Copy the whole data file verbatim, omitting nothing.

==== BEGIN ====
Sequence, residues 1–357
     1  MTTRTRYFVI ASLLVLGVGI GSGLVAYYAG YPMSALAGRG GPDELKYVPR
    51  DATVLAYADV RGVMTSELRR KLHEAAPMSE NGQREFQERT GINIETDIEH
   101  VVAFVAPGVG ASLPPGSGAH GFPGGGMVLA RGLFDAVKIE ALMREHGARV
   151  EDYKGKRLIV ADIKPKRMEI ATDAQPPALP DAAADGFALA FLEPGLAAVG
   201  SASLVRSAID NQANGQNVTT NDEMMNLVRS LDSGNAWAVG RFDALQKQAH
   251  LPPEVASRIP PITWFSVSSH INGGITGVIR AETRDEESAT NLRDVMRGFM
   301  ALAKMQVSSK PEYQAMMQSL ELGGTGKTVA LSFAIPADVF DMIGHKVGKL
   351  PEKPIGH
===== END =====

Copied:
Sequence, residues 1–357
     1  MTTRTRYFVI ASLLVLGVGI GSGLVAYYAG YPMSALAGRG GPDELKYVPR
    51  DATVLAYADV RGVMTSELRR KLHEAAPMSE NGQREFQERT GINIETDIEH
   101  VVAFVAPGVG ASLPPGSGAH GFPGGGMVLA RGLFDAVKIE ALMREHGARV
   151  EDYKGKRLIV ADIKPKRMEI ATDAQPPALP DAAADGFALA FLEPGLAAVG
   201  SASLVRSAID NQANGQNVTT NDEMMNLVRS LDSGNAWAVG RFDALQKQAH
   251  LPPEVASRIP PITWFSVSSH INGGITGVIR AETRDEESAT NLRDVMRGFM
   301  ALAKMQVSSK PEYQAMMQSL ELGGTGKTVA LSFAIPADVF DMIGHKVGKL
   351  PEKPIGH